The distinction between animal-assisted therapy and animal-assisted activities is described well by the Delta Society, a leading international organization that provides training for both types of interventions. The following are definitions given in the Delta Society’s Standards of Practice (1996):
"Animal-Assisted Activities - provide opportunities for socialization, recreation, education and simple comfort and enrichment. The activities are conducted in a variety of settings and include such things as animals visiting nursing homes, schools, libraries and community functions. The animals are trained and screened and are handled by specifically trained volunteers.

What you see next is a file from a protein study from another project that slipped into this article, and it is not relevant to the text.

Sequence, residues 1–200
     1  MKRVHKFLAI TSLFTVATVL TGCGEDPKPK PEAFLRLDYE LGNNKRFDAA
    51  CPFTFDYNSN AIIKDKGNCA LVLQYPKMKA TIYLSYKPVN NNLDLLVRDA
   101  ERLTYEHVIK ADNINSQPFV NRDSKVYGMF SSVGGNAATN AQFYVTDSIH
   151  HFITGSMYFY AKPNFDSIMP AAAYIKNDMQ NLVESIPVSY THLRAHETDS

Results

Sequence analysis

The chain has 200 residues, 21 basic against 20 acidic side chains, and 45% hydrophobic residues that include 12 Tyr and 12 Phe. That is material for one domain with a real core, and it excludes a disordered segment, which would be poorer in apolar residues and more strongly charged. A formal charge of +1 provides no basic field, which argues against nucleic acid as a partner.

Animal-Assisted Therapy - is a more targeted intervention in which the animal is integrated as part of the treatment process for patients. The service has specific goals and is conducted by a trained professional. The use of this intervention is documented and evaluated as to its relevance and usefulness for specific patients. Some of the patient populations who have been described as benefiting from animal-assisted therapy include children with autism and developmental problems, patients with mood and anxiety disorders, veterans with post-traumatic stress disorder and medically ill patients undergoing difficult treatments and procedures."
Therapeutic Pups is an animal-assisted therapy service since it is being used specifically with adolescent patients with eating disorders and is conducted by a Ph.D. clinical psychologist. Therapeutic Pups does not offer an animal-assisted activity program, although our therapeutic dog, Murphy, does participate at times in performances at the hospital.